Buck v Davis: Racial Bias & Sixth Amendment Might Reverse Death Sentence
In Buck v Davis, 580 U. S. ____ (2017), the U.S. Supreme Court recently held that a death row inmate was likely prejudiced by expert witness testimony offered by his own defense team that suggested he was more likely to be dangerous in the future because he was black. Accordingly, the majority held Duane Buck is entitled to a new sentencing hearing.
Facts of Buck v Davis
Duane Buck was convicted of capital murder in a Texas court. Under state law, the jury was permitted to impose a death sentence only if it found unanimously and beyond a reasonable doubt that Buck was likely to commit acts of violence in the future.
Buck’s attorney called a psychologist, Dr. Walter Quijano, to offer his opinion on that issue. Dr. Quijano considered several statistical factors, including Buck’s race. Although Dr. Quijano ultimately concluded that Buck was unlikely to be a future danger, his report and oral testimony stated that Buck was statistically more likely to act violently because he is black. The jury returned a sentence of death. In several post-conviction proceedings, Buck argued that his attorney’s introduction of the evidence violated his Sixth Amendment right to the effective assistance of counsel.
Majority Decision in Buck v Davis
By a vote of 6-2, the Supreme Court sided with Buck and held that he is entitled to a new sentencing hearing. Chief Justice John Roberts authored the majority opinion.
The majority concluded that Buck demonstrated ineffective assistance of counsel.
Dr. Quijano’s testimony “said, in effect, that the color of Buck’s skin made him more deserving of execution,” the Chief Justice wrote. “No competent defense attorney would introduce such evidence about his own client.”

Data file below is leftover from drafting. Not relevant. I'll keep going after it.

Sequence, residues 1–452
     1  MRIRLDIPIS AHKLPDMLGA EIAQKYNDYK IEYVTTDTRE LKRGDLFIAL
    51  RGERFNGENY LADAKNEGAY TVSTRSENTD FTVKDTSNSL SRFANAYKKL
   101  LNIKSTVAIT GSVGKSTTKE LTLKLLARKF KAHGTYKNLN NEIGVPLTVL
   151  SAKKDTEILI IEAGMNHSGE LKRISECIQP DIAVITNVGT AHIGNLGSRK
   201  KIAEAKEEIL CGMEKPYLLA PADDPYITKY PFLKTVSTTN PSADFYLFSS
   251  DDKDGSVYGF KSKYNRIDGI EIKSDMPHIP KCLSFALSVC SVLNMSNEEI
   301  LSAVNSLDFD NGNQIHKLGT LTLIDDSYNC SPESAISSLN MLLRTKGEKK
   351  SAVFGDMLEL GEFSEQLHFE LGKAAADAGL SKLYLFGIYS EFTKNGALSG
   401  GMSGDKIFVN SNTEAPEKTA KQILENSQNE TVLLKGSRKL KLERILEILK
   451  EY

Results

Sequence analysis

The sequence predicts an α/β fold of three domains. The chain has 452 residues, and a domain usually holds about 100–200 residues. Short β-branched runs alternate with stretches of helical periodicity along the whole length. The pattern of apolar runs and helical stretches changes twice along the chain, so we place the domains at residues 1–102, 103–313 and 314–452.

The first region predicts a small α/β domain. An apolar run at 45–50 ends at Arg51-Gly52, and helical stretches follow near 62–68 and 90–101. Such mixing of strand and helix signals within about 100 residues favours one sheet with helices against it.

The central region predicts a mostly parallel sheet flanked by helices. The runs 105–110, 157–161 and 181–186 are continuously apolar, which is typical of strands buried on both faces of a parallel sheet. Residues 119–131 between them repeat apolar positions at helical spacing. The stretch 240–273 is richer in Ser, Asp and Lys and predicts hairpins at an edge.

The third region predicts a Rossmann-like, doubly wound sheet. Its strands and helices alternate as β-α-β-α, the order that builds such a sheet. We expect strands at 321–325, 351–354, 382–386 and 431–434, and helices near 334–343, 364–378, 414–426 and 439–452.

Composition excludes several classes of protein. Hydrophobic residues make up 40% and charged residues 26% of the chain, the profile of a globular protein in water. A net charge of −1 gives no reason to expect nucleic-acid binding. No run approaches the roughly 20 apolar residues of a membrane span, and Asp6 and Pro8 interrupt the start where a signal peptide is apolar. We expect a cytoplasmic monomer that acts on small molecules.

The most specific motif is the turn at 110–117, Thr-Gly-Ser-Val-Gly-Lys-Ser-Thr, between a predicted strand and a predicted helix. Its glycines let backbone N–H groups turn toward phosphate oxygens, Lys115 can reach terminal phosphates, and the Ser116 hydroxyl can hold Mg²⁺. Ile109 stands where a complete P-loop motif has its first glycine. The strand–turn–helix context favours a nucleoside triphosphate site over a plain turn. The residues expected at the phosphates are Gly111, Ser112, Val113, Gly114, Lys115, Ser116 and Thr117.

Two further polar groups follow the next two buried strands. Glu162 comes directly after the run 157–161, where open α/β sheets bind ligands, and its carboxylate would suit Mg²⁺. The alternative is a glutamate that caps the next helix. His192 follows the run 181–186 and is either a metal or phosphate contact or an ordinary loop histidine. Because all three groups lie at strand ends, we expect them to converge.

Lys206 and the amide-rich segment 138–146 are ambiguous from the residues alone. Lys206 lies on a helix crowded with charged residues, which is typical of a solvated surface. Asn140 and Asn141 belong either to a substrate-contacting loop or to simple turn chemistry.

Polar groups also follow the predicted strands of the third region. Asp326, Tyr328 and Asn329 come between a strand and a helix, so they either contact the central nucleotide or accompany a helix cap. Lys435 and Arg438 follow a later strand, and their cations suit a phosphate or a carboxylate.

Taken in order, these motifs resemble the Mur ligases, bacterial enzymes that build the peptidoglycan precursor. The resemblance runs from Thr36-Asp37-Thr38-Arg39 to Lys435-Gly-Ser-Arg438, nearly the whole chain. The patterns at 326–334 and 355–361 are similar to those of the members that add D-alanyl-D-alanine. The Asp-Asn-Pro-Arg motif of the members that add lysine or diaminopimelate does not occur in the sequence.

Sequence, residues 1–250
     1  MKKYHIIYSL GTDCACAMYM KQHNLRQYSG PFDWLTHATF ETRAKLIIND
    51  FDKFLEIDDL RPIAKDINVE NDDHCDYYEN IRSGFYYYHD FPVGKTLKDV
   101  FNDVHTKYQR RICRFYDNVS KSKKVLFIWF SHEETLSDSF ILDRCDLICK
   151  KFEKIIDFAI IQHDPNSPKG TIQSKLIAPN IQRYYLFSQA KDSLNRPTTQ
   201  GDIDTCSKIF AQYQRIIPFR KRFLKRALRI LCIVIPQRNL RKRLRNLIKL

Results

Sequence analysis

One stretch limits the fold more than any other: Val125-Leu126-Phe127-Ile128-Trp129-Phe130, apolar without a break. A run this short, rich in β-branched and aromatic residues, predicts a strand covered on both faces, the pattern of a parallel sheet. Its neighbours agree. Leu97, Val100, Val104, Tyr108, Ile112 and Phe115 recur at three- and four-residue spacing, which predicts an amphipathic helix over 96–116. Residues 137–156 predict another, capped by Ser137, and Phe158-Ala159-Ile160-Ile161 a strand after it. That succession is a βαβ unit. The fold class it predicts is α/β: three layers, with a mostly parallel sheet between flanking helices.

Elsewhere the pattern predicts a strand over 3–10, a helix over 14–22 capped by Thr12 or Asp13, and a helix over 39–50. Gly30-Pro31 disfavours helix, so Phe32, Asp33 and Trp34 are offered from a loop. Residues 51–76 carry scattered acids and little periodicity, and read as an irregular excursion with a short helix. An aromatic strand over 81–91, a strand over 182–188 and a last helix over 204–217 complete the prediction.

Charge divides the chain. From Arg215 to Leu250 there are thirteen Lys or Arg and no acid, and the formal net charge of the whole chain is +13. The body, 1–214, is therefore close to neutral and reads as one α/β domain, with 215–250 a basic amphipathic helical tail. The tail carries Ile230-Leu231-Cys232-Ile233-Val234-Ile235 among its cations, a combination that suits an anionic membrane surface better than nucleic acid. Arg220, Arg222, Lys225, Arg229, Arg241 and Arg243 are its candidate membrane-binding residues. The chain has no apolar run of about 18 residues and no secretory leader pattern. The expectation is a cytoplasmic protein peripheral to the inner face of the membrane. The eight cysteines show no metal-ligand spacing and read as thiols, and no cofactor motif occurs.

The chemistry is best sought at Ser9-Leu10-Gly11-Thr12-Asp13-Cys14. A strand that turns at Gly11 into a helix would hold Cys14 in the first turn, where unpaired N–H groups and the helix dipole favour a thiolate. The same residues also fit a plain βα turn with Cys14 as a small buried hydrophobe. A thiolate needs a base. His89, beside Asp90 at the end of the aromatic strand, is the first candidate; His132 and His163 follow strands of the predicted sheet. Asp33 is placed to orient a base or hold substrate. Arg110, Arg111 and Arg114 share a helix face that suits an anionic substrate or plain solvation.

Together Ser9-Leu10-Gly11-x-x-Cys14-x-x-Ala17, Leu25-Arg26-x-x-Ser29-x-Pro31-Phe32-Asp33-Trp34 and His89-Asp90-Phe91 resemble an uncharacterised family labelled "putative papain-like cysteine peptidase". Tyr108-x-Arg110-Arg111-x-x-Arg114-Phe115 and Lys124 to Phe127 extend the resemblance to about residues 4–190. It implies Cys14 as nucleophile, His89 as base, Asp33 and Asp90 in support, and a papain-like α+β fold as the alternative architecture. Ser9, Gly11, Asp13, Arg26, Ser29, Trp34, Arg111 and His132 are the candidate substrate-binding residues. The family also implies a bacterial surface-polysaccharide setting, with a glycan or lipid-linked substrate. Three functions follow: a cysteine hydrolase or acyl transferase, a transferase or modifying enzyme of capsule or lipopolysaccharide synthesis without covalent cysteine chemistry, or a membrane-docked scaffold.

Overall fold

The Court further concluded that Buck demonstrated that he suffered prejudice. “But our holding on prejudice makes clear that Buck may have been sentenced to death in part because of his race. As an initial matter, this is a disturbing departure from a basic premise of our criminal justice system: Our law punishes people for what they do, not who they are,” Chief Justice Roberts wrote.
He added: “When a jury hears expert testimony that expressly makes a defendant’s race directly pertinent on the question of life or death, the impact of that evidence cannot be measured simply by how much air time it received at trial or how many pages it occupies in the record. Some toxins can be deadly in small doses.”
Dissent in Buck v Davis
Justices Clarence Thomas and Samuel Alito. They argued that there was ample evidence to justify the death penalty, citing the horrific nature of the crime and Buck’s complete lack of remorse. “The facts leave no doubt that this crime was premeditated and cruel,” they wrote.
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- Establishment ClauseFree Exercise Clause
- Freedom of Speech
- Freedoms of Press
- Freedom of Assembly, and Petitition
- The Right to Bear Arms
- Unreasonable Searches and Seizures
- Due Process
- Eminent Domain
- Rights of Criminal Defendants
Preamble to the Bill of Rights
Congress of the United States begun and held at the City of New-York, on Wednesday the fourth of March, one thousand seven hundred and eighty nine.
THE Conventions of a number of the States, having at the time of their adopting the Constitution, expressed a desire, in order to prevent misconstruction or abuse of its powers, that further declaratory and restrictive clauses should be added: And as extending the ground of public confidence in the Government, will best ensure the beneficent ends of its institution.